You have not only put more weight on the two cables nearest the dock, but you have also added more weight to one cable at the “entrance” or back of the boat.

Now, add in a weakened cable, and you can see what’s coming next. Don’t let this happen to you. (Need a reminder- Look at the first image)


Load your equipment carefully.

Although you should load the boat after it’s in the water if you choose to load it before lowering the boat, distribute the load evenly.


Be Aware of Lifting Height

Please do not continue to raise the boat once it reaches the top. It seems simple enough. But wait, there’s a storm coming, and I have 1/2″ clearance between the rack and the top beam. Isn’t it best to close that gap?

Continuing to crank the winch places stress on all the parts, including the beams and possibly damaged cables. Here’s what could happen – see above.

We see this situation all the time.

Raising the boat too far may cause damage to any one of the lifting components. Some lifts automatically shut off when the lift reaches its maximum height (Hydraulic). Make sure this mechanism works as part of the lift’s routine maintenance.

Proper Loading

It may seem straightforward to load a boat while it is not rocking on the waves. However, anything loaded before lowering the boat into the water brings you closer to the lift’s maximum rating. 

Loading the boat on the water helps you determine where the best weight distribution to maintain watercraft balance is. 

We recommend that you lower the vessel before adding any heavy equipment or other essentials.

If your lift isn’t functioning correctly, it may be time to get a new ShoreMaster boat lift. 

PWS will be happy to help you decide which lift is best for your location and type of watercraft. By talking to PWS, you can avoid making costly lift mistakes.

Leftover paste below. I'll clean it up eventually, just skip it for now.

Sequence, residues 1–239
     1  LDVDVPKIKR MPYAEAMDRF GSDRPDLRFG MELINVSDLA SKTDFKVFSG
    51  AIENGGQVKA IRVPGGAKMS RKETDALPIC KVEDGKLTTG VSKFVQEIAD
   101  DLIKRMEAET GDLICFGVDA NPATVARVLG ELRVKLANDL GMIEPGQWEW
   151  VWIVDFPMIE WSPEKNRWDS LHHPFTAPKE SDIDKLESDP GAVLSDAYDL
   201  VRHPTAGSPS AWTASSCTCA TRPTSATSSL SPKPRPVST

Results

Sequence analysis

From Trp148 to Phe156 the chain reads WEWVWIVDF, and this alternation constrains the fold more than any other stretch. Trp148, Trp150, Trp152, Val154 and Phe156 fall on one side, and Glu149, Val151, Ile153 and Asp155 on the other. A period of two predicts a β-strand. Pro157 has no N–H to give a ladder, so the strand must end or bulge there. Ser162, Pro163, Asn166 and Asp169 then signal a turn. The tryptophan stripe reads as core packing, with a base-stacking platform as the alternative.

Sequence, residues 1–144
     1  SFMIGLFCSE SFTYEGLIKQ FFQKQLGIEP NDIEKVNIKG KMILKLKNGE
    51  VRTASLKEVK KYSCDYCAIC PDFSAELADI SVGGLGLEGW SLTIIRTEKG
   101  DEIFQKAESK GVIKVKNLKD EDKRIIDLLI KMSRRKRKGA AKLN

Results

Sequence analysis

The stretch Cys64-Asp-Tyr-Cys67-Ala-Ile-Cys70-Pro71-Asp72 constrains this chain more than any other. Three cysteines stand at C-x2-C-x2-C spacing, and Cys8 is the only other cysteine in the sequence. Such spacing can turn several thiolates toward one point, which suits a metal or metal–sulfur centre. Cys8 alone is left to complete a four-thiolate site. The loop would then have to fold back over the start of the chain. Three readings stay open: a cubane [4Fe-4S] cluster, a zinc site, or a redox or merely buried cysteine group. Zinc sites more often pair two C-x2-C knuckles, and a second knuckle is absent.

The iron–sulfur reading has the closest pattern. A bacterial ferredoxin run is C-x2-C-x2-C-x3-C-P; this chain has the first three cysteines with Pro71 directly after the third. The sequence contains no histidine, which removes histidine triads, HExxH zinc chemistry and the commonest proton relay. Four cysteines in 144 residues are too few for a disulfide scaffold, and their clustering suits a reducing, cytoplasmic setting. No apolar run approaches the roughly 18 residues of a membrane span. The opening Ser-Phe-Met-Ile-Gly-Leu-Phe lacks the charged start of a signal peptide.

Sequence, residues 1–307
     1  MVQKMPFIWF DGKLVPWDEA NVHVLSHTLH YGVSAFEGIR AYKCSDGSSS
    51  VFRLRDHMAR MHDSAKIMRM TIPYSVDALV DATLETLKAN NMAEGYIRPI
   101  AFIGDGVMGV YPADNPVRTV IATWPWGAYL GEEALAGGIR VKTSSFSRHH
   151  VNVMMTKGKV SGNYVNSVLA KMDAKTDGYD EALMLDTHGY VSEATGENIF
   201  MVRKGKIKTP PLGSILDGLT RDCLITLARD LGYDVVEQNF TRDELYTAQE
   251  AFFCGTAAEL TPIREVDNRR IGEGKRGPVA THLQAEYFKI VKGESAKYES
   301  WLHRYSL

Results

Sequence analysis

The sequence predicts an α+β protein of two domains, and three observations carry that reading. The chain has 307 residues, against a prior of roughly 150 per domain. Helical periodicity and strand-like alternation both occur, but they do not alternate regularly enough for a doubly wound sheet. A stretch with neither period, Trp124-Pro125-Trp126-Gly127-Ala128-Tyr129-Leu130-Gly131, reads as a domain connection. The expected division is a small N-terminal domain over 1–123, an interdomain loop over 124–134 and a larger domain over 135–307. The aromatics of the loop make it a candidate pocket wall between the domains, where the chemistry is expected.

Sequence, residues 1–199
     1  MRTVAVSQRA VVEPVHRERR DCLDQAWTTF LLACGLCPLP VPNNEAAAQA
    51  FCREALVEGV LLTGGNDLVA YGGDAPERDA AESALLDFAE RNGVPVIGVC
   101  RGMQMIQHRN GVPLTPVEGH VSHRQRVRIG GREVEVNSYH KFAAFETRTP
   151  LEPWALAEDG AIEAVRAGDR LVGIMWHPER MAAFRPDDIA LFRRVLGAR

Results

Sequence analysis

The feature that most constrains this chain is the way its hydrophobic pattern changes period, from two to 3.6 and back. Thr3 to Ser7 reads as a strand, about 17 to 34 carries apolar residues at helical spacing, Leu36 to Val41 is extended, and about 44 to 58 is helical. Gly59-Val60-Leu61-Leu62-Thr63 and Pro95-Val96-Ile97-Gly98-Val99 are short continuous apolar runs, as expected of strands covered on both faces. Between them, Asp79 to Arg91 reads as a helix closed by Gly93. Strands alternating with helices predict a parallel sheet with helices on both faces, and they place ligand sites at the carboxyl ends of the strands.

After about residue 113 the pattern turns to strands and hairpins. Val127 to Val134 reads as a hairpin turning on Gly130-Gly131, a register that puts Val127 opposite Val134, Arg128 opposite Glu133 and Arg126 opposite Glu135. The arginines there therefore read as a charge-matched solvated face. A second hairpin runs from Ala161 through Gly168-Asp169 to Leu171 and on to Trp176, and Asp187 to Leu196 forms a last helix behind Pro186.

Want more information on this topic? Follow this linkEasier still – give the boat information to PWS.  Let us do the calculations for you.


Where is Pier & Waterfront Solutions?

 Pier & Waterfront Solutions, 7325 St. Hwy 57, is located 3 miles south of Sturgeon Bay.  Go 1 mile PAST the intersection with County road MM (heading north).  Look on the right at the next intersection – Idlewild Road and Hwy 57.



Pier & Waterfront Solutions remains “open” year-round.

         Please use face masks.

The virus continues to spread. PWS is conducting as much business as possible by email, text, or phone. 

Site visits continue as usual. When making in-person contacts, we follow “social distancing” guidelines whenever possible.

Our display yard is OPEN 24-7

                        Red Tag


PWS‘s display area is always open for you to examine at your leisure. All displays available for sale have a numbered, red tag on them. Want more information on something you saw in our yard? Please reference that number when you inquire.




PWS will provide estimates by email to make the process faster, safer, and paperless. 

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Thank you for allowing us to work with you.